JEFFERSONVILLE – A new nonprofit orchestra serving southern Indiana and Louisville is focused on providing concerts accessible to all.
The Derby City Chamber Orchestra will perform its first concert at 3 p.m. Sunday at First Presbyterian Church, 222 Walnut St. in Jeffersonville. The event is free to the public.
David Borman III is the founder, artistic director and conductor of the Derby City Chamber Orchestra, as well as the musical director of the First Presbyterian Church. He recently completed a master’s degree in musical performance in conducting from the University of Louisville.
The goal was to create a “live” chamber orchestra in Jeffersonville that removes barriers to orchestral performance, Borman said. The plan is to eventually offer about four concerts per year.
“I want people in the community, whatever their socio-economic status, whatever their day-to-day life, to be able to come and listen to music, no matter how much money they have in the bank at the end of the day. the day, ”he said. .
Borman said the orchestra is focused on showcasing artists who are under-represented in the classical music world, including LGBTQ artists, women and people of color. Andrew Herald, a non-binary composer from Louisville, presents a new work titled “Dark Tides” at the concert.
The concert will also include the local premiere of a concerto for double violin by 18th-century French composer Joseph Bologne, Chevalier de Saint-Georges, who is the oldest known European composer of African descent.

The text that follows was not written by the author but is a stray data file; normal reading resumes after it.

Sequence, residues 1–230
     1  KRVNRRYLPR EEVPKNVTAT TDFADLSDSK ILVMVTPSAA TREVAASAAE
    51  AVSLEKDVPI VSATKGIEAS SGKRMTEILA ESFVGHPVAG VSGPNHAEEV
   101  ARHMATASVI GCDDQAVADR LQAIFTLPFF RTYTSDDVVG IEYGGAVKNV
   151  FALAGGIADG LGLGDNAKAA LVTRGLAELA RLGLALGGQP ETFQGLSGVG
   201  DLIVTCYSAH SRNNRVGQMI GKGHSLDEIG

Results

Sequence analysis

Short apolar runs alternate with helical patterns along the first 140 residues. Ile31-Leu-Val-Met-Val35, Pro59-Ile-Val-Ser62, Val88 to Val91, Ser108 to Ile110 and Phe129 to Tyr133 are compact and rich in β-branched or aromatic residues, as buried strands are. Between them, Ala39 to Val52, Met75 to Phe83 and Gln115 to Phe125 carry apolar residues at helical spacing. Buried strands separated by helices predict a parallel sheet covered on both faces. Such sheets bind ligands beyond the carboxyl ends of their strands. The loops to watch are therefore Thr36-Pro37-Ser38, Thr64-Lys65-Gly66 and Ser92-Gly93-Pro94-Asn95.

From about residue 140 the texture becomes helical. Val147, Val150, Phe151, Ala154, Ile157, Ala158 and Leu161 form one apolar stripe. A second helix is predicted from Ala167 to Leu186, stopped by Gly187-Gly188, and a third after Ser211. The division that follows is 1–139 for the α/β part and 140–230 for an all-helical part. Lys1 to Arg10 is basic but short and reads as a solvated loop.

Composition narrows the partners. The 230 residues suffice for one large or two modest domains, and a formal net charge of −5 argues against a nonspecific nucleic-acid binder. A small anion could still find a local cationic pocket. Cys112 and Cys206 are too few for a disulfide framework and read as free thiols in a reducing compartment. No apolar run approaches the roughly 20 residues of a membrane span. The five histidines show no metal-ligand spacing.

The Derby City Chamber Orchestra brings in “world-class artists,” said Borman, and Sunday’s concert will feature solo violinists Andrew Sords and Mari Sato and pianist Daniel Overly.
The composition of “Dark Tides” is an atmospheric and modern piece, said Borman.
“It maybe puts you in the space of loss and feelings of grief that we all experience over the past two years with the pandemic, and it comes from a place of looking for the next step and looking for the next steps and new beginnings – come out in a way that is beneficial and positive for everyone.
Borman said he has worked with Sords in the past, noting that the violinist “brings energy and personality to any ensemble and simply amplifies what individuals are capable of.”
Planning the concert during the pandemic posed many challenges, Borman said, including logistics and ways to protect musicians and attendees. Masks will be compulsory during the concert.
Borman looks forward to presenting performances of “high artistic merit” in Southern Indiana. The Derby City Chamber Orchestra concerts will present a relaxed atmosphere where people can dress as they wish and clap whenever they wish during the concerts, he said.
Later this year, Borman plans to offer a holiday concert, and in the spring, he plans to offer a concert with opera performances that tell “stories never told before”. The opera performance would probably be a cycle of small works of 30 minutes in which he hopes to create new pieces.